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nor of being admitted to the bar as a lawyer, a3 not being able to obtain the requisite certificates of his being a catholic, resolved to lay violent hands upon himself, and gave some intimation. of his defign to one of his friends : in order to confirm himself in the resolution he had formed, he carefully collected every thing that had been written upon the subject of suicide, all. which he read with great attention ; at length, one day having lost all his money at play, he chose that as a most proper opportunity for putting his design in execution. Oke Lavaisse, a young man of nineteen years of age, the son of a lawyer in great repute at Toulouse; and who was, esteemed by every one who knew him, happened to come from Bourdeaux the evening before * ; when he went by chance to fup with the Calas family at their house, being an acquaintance of that family's, and of Mark Anthony Calas in particular. Old Calas, bis wife, Mark Anthony their eldest son, and Peter their second son, supped all together that evening; after supper was over, they retired into another room, when Mark Anthony suddenly disappeared. After fome time, young Lavaisse took his:
12 October, 1761,
Leave, and Peter Calas accompanied him down stairs; when they came to the warehoufe they faw Mark Anthony hanging in his shirt behind the door, and his coat and waistcoat folded up and laid
upon the counter ; his shirt was not in the least rumpled, nor his hair, which he had dressed that day, in any wife disordered; there was no wound upon his body, nor any other mark of violence to
We shall not here enter into all the ininute circumstances with which the lawyers have filled their briefs; nor shall we attempt to describe the grief and distraction of the unhappy parents; their cries were heard by the whole neighbourhood. Lavaisse and Peter Calas, almost beside themselves, ran, the one to fetch a surgeon, and the other an officer of justice. While they were thus employed, and old Calas and his wife in all the agonies of grief, the people of the town gathered in crouds about the house: The Toulousians are a superstitious and
After the body was carried to the town-house indeed, there was found a little scratch upon the end of the nose, and a small black and blue spot upon the breast ; but these were probably occaLoned by some carelessness in removing the corpfe.
head-strong people, and look upon every one, even their own relations, who are not of the same religion of themselves, as monsters and objects of deteftation. It was at Toulouse that a solemn thanksgiving was ordered for the death of Henry III. and that the inhabitants took an cath to murder the first person who should propofe to acknowledge that great and good prince Henry IV. for their sovereign; and this fame city still continues to folemnize, by an annual proceflion, illuminations, and bonfires, the day in which about two hundred years ago, it ordered the massacre of four thousand of its citi. zens for being heretics.
In vain has the coun. cil isfued fix arrets, prohibiting the keeping this detestable anniversary, the Touloufians still continuing to celebrate it as a high festival.
Some one among the mob, a greater enthusiast than the rest, cried out, that John Calas him. self had hanged his son ; this ery became in an instant unanimous : fome persons taking occafion to observe, that the deceased was to have made his abjuration as the next day, and that his own family and young Lavaifle had' murdered him, out of the hatred they bore to the catholic religion, no sooner was this opinion broached, than it was fully believed by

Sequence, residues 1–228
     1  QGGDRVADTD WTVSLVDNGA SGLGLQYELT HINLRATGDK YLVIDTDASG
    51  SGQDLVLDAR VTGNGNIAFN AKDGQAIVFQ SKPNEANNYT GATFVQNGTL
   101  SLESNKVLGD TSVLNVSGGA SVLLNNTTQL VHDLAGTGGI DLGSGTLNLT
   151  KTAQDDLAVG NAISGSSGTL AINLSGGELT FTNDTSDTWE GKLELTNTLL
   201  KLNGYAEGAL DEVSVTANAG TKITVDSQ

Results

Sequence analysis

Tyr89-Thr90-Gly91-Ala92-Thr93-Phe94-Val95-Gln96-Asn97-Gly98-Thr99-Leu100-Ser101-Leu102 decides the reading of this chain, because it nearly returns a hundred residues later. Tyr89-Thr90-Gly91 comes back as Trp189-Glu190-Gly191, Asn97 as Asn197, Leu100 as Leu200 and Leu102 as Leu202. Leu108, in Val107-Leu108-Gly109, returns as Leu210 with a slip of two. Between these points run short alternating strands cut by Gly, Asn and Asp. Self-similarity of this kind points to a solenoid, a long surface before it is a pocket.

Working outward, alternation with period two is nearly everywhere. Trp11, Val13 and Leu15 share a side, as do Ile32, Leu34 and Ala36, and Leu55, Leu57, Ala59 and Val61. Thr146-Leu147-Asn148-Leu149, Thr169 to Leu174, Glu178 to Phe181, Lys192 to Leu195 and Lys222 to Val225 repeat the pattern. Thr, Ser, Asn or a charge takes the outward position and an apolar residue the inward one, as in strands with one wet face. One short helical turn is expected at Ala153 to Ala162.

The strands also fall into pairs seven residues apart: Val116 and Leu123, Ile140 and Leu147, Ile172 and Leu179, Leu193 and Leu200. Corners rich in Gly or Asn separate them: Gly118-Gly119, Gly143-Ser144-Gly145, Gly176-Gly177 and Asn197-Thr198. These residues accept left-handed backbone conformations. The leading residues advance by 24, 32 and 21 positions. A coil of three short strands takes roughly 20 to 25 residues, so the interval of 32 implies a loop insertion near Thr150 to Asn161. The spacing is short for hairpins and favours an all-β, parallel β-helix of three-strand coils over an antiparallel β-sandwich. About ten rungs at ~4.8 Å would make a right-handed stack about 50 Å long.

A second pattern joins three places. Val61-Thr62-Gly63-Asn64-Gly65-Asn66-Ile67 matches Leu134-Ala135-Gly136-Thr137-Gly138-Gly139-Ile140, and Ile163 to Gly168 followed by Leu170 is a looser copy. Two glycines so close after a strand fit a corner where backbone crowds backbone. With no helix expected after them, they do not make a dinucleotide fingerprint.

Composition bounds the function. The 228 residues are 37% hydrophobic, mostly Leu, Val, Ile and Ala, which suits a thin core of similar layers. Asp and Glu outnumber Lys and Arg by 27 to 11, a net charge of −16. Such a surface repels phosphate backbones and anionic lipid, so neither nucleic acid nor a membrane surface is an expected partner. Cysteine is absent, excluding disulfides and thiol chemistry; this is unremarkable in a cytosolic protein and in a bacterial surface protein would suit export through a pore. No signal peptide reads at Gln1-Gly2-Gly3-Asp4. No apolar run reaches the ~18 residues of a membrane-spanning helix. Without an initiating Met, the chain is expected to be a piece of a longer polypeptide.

every one ; and the whole town was persuaded, that it is one of the articles of the protestant religion, for a father or mother to murder their own son, if he attempts to fhew any inclination to change his fath.
When the minds of the populace are once put into a ferment, they are not easily appeased; it was now imagined, that all the protestants of Languedoc had assembled together the preceding night, and had chosen by a plurality of voices, one of their sect for an executioner; that the choice had fallen upon Lavaiffe ; that this young man had, in less than four and twenty hours, received the news of his election, and had come from Bourdeaux to affist John Calas, his wife, and their son Peter, to murder a son, a brother, and a friend.
The sieur David, capitoul of Toulouse, instigated by those rumours, and being desirous to make himself be taken notice of, by the ready execution of his office, took a step contrary to all the established rules and ordinances, by ordering the Calas family, together with their catholic maid servant and Lavaifle, to be put in irons.
After this a monitary was published, which was as erroneous as the former step. Nay, matters were carried still farther; Mark Anthony Calas had certainly died a Calvinist, and as such, if he had laid violent hands upon himself, his body ought to have been dragged upon a hurdle; whereas it was interred with the greateft funeral pomp in the church of St. Stephen, notwithstanding the curate entered his protest against this profanation of holy ground.
There are in Languedoc four orders of penia tentiaries, the white, the blue, the grey, and the black, who wear a long capuchin or hood, having a mask of cloth falling down over the face, in which are two holes for the fight. These orders wanted the duke of Fitz-James to become one of their body, but he refused them. On the present occafion the white penitentiaires performed a folemn service for Mark Anthony Calas as for a martyr ; nor was the festival of a real martyr ever celebrated with greater pomp by any church : but then this. pomp was truly terrible. Beneath a magnificent canopy was placed a skeleton, which was made to move by springs; this skeleton was to sepresent Mark Anthony Calas, holding in one band a branch of palm, and, in the other, the